(NaturalNews) According to the National Parkinson Foundation, about 1.5. Americans currently have Parkinson's Disease (PD) -- the motor system disorder which afflicts actor Michael J. Fox. Another 60,000 or so people in the U.S. will be diagnosed with PD in 2009. The four main symptoms of this often devastating disease are trembling in the hands, arms, legs, jaw, and face; rigidity, or stiffness of the limbs and trunk; bradykinesia (slowness of movement) and impaired balance and coordination. As the disease progresses, people with PD may have difficulty walking, talking, and swallowing.
NaturalNews has previously reported (http://www.naturalnews.com/026177_disease_Pa...) how research is pointing more and more to a "smoking gun" behind Parkinson's. It appears PD doesn't just strike at random. Instead, it is most likely triggered by chemicals in the environment that are literally toxic to the human brain. Now a new study has zeroed in on one specific suspect -- a pesticide called B-hexachlorocyclohexane (B-HCH).
Used widely in the United States from the 1950s through the 1970s in agriculture, the chemical was also found until fairly recently in the insecticide lindane, used as a treatment to kill fleas and ticks on pets and lice in humans. Even if you've never treated a dog or cat with lindane or worked in agriculture, the odds are you've still been exposed to the toxin. Banned in the l970s, B-HCH is a dangerous contaminant that won't go away -- it is still found as a contaminant in water and soil.
Now a team of researchers have found it in human blood. What's more, they've identified elevated serum levels of the pesticide in patients with Parkinson's disease, strongly raising the possibility this specific pesticide is tied in to the development of PD.
The study, just published in the Archives of Neurology, involved team work led by Jason R. Richardson, PhD, assistant professor of environmental and occupational medicine at University of Medicine and Dentistry of New Jersey (UMDNJ) Robert Wood Johnson Medical School and resident member of the Environmental and Occupational Health Sciences Institute, and Dwight C. German, PhD, professor of psychiatry at the University of Texas Southwestern Medical Center, Dallas, Texas. The scientists measured the levels of 16 pesticides in blood samples from patients with PD or Alzheimer's disease. They also searched for pesticides in blood collected from a control group with no known neurological diseases.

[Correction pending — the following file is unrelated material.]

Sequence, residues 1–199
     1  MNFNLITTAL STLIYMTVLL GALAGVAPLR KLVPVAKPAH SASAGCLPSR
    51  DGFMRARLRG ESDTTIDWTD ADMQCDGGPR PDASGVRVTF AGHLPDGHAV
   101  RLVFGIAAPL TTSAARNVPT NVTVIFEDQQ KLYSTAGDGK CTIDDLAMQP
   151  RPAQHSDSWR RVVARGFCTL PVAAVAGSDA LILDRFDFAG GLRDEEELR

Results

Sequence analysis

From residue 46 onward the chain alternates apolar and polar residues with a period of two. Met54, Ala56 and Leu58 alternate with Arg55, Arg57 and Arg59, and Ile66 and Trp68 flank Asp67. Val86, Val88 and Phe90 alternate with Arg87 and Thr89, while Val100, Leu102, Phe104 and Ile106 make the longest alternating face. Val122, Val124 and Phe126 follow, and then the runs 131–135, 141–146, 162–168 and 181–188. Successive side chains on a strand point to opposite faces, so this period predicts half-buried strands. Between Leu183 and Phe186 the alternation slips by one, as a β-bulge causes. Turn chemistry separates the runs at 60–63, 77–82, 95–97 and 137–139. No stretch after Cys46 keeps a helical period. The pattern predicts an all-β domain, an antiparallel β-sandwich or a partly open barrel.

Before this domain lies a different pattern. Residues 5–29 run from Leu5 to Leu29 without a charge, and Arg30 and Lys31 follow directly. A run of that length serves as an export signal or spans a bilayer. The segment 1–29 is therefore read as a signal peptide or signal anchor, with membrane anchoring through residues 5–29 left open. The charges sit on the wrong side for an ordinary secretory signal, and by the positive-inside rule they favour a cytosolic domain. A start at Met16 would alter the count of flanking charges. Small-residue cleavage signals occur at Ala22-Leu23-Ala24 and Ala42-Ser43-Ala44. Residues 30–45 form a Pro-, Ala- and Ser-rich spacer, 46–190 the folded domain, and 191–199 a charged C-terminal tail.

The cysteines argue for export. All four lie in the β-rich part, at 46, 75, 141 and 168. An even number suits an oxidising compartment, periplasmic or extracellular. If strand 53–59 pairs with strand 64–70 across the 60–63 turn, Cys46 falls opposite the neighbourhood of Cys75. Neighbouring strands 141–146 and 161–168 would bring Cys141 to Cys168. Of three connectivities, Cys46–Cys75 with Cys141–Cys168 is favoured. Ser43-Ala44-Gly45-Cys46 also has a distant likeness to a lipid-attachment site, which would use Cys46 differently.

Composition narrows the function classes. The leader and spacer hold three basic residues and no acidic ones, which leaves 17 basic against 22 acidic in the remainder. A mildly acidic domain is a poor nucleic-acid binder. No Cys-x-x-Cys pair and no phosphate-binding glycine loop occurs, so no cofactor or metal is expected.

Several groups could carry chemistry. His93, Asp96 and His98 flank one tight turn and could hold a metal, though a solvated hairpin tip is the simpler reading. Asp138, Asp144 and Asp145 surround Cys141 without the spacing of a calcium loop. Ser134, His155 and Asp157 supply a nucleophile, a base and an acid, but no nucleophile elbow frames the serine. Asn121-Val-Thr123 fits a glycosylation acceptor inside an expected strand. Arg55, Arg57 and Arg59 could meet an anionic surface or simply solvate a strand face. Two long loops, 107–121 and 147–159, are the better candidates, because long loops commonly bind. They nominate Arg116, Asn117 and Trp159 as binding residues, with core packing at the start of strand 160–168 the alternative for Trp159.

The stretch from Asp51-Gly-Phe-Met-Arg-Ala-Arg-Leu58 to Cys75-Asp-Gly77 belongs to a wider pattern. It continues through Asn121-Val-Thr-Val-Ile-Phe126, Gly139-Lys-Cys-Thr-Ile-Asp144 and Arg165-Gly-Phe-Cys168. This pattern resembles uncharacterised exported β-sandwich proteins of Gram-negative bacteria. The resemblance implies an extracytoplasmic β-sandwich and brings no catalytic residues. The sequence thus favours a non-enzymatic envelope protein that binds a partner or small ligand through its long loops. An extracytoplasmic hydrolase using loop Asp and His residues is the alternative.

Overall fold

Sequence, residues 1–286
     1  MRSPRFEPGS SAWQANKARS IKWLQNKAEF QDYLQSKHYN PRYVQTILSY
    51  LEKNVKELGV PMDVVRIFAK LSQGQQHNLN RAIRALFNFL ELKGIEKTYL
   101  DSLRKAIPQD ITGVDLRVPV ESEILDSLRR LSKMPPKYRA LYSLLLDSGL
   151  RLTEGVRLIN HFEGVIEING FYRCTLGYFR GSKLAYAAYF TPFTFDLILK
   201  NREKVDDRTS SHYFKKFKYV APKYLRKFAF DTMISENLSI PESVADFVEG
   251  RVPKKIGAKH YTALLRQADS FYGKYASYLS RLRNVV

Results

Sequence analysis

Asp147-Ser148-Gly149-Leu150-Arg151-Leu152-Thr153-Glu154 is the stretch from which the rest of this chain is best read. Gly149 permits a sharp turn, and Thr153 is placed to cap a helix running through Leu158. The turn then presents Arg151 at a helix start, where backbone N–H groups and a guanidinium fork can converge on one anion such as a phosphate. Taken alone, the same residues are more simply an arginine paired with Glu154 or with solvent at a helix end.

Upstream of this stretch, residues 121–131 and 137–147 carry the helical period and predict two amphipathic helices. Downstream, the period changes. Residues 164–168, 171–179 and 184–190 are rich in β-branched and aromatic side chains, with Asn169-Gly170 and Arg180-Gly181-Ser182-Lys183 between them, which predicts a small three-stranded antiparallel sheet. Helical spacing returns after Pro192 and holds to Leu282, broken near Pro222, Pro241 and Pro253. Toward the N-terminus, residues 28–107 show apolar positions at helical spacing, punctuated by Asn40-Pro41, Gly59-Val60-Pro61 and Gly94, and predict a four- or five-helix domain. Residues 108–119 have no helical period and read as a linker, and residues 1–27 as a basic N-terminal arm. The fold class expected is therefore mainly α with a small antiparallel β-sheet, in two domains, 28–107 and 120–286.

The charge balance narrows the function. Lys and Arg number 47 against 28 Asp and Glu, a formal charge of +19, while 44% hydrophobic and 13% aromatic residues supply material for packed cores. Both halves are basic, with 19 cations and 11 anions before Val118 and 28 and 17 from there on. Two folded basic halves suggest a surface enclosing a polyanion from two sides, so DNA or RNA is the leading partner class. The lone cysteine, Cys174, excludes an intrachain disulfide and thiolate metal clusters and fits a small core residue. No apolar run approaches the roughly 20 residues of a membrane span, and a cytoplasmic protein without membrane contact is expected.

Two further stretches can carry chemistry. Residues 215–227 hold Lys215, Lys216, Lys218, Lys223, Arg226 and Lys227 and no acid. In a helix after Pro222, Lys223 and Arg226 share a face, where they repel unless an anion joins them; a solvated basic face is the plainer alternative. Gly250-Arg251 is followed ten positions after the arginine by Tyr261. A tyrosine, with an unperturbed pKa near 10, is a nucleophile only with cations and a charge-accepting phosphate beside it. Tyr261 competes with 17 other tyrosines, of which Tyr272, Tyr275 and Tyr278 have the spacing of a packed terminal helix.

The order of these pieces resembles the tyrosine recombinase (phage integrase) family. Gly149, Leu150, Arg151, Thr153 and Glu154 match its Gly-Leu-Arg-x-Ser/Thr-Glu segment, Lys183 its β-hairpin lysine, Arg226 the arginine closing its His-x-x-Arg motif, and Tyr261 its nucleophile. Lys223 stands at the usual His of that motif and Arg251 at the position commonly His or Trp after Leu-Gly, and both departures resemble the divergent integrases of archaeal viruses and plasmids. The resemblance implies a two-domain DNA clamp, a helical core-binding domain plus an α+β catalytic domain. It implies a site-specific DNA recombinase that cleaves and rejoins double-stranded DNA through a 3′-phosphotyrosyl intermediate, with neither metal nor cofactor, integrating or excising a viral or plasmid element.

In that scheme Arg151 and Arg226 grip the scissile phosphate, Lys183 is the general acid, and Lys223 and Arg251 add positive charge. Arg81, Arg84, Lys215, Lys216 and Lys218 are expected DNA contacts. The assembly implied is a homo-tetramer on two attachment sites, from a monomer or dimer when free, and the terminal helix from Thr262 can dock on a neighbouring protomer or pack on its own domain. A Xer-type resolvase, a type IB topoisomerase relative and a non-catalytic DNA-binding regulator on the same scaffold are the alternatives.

All three groups of research subjects were found to have about the same levels of 15 pesticides. But when it came to B-HCH, it was a different story. B-HCH was found in 76 percent of the patients with Parkinson's, 40 percent of the control group patients and 30 percent of the patients with Alzheimer's. What's more, not only was B-HCH found more frequently in PD patients, the amount of B-HCH in the blood of the Parkinson's Disease patients was much higher .
"Previous studies established the link between pesticides and neurodegenerative diseases, but most had not identified specific pesticides that may be associated with an increased risk of developing Parkinson's," Dr. Richardson said in a press statement. "This discovery provides a foundation upon which to research the precise implications of B-HCH's role in the cause of the disease and how B-HCH's levels may be affected by other possible factors such as genetic disposition and lifestyle choices."
"We hope additional research will not only help identify people who may be at risk before symptoms of the disease appears, enabling earlier detection of the disease, but also advance the development of therapies to slow or prevent neurodegeneration caused by Parkinson's," Dr. Richardson added.
Anyone interested in natural and healthy living might also hope this research will spur common sense efforts to halt further contamination of the planet's water, air and food supply with pesticides and other chemicals, too (http://www.naturalnews.com/026566_disease_ni...).